Environmental Systems ENV SCI 305

Instructors, Fall 2006:    Dr. Kevin Fermanich and Dr. Mike Zorn
UW Green Bay

Course Text: Hemond, H.F. and E.J. Fechner-Levy. 2000. Chemical Fate and Transport in the Environment. 2nd ed.  Academic Press, San Diego, CA. 433 p.

Groundwater Modeling Exercises and Links

USGS Software site: TopoDrive and ParticleFlow (Feb 13, 2002)
Two Computer Models for Simulation and Visualization of Ground-Water Flow and Transport of Fluid Particles in Two Dimensions
 
Run Applet version of TopoDrive and ParticleFlow
Documentation
Hsieh, P.A., 2001, TopoDrive and ParticleFlow—Two Computer Models for Simulation and Visualization of Ground-Water Flow and Transport of Fluid Particles in Two Dimensions: U.S. Geological Survey Open-File Report 01-286, 30 p.
   
     USGS OFR 01-286, Portable Document Format (PDF) (245KB)

 

Assigned Readings for review and discussion:

Runkel, R. 2000. Using OTIS to Model Solute Transport in Streams and Rivers 
U.G. Geological Survey Fact Sheet FS–138–99; January 2000

See link for this reading: 
Steuer, J.J., 2000, A mass-balance approach for assessing PCB movement during remediation of a PCB-contaminated deposit on the Fox River, Wisconsin: U.S. Geological Survey Water-Resources Investigations Report 00-4245 Full Report

See link below for this reading (Oct 30, 2006):
Environ. Sci. Technol. , 31 ( 9 ), 2616 - 2625 , 1997 .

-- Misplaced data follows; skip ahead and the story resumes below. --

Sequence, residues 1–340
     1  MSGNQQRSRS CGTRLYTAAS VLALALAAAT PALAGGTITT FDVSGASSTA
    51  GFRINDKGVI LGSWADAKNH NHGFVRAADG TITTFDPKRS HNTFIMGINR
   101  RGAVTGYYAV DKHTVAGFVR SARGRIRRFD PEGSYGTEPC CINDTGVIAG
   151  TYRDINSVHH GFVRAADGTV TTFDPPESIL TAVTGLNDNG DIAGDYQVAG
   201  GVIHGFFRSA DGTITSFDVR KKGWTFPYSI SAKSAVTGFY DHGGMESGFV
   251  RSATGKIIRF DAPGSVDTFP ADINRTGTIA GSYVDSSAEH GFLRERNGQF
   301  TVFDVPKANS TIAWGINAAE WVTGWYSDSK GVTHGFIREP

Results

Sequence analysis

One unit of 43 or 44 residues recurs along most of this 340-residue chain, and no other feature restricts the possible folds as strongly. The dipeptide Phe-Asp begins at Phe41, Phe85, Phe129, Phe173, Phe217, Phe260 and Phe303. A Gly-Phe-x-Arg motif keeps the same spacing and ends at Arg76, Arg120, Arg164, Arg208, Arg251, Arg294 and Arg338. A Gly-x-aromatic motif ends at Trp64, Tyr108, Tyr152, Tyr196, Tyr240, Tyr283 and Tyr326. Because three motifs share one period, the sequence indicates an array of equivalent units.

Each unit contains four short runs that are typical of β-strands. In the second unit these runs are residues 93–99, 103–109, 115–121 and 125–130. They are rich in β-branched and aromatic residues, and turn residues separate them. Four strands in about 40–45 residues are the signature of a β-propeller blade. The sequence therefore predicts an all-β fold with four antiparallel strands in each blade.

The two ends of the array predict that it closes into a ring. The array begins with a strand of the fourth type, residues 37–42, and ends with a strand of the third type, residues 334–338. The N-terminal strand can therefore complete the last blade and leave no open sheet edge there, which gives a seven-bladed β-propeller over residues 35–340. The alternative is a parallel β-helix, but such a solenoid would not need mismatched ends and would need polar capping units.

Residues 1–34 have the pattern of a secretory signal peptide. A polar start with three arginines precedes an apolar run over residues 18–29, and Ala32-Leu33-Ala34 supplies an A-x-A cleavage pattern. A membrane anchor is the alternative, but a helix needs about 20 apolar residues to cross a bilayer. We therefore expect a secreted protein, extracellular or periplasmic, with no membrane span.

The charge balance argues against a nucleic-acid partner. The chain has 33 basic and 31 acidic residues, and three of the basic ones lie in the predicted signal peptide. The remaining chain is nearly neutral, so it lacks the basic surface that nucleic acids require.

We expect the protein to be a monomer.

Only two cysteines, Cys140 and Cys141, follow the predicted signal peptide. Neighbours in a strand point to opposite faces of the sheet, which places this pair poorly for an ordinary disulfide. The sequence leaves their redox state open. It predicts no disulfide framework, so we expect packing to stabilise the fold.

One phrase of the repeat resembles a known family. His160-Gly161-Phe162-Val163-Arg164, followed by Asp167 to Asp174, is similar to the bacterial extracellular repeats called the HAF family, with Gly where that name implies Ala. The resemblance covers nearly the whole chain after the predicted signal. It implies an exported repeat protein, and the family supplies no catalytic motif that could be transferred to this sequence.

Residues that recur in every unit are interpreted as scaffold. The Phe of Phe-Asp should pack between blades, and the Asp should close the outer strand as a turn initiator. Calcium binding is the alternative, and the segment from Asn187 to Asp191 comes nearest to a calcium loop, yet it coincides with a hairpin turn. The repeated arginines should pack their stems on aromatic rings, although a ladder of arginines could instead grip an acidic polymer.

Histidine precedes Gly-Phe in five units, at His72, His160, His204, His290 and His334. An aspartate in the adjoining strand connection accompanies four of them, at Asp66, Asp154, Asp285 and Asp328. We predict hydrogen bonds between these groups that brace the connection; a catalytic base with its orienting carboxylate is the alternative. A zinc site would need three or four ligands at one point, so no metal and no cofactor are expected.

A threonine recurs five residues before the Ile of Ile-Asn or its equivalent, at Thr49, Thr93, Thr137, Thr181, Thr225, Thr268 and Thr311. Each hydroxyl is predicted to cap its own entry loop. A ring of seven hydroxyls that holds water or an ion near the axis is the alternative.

Mass Balance Model To Quantify Atrazine Sources, Transformation Rates, and Trends in the Great Lakes
.  Shawn P. Schottler and Steven J. Eisenreich on campus Link to ES&T article (off campus link to PDF)

See link below for this reading (Nov xx, 2006):
"Nitrogen in the Mississippi Basin--Estimating Sources and Predicting Flux to the Gulf of Mexico"
by Donald A. Goolsby and William A. Battaglin. USGS

Differences in Phosphorus and Nitrogen Delivery to The Gulf of Mexico from the Mississippi RiverBasin  Environ. Sci. Technol. 2008, 42, 822–830

NOAA, LOUISIANA SCIENTISTS ISSUE FIRST-EVER “DEAD ZONE” FORECAST (www.noaa.gov; added July 26, 2003)
A team of scientists from NOAA, the Louisiana Universities Marine Consortium (LUMCON), and Louisiana State University is forecasting that the size of the “Dead Zone” off the coast of Louisiana and Texas this summer should be between 4,770 and 6,900 square miles, an area approximately the size of the state of Connecticut. The “Dead Zone” is the name for the seasonal change in areas of the Gulf of Mexico where algal growth, stimulated by input of nutrients such as nitrogen and phosphates from the Mississippi and Atchafalaya rivers, settles and decays in the bottom waters, leading to decreased oxygen levels.

   
Link to Dead Zone Forecast:  Full Story Inside

Fox River Exercise

Carbon Cycle and Climate Change

 

Water Flows in the Necedah National Wildlife Refuge (nice water balance fact sheet)     

Link to Gulf of Mexico Hypoxia Information (USGS)

ELENA M. BENNETT; STEPHEN R. CARPENTER; AND NINA F. CARACO. 2001. Human Impact on Erodable Phosphorus and Eutrophication: A Global Perspective. BioScience 51 no3 227-34 Mr 2001

Excellent quantitative overview of the cycles.  University of California Irvine

Stratospheric Ozone Depletion Links Fall 2000

Ozone Hole Tour from University of Cambridge includes animations

EPA:  The Science of Ozone Depletion

Questions to consider:

What are the sinks for Cl in the stratosphere?

According to the U. of Cambridge, what is a recipe for ozone depletion?

What is the status of this years Antarctic ozone thinning, compared to last year and the overall average?


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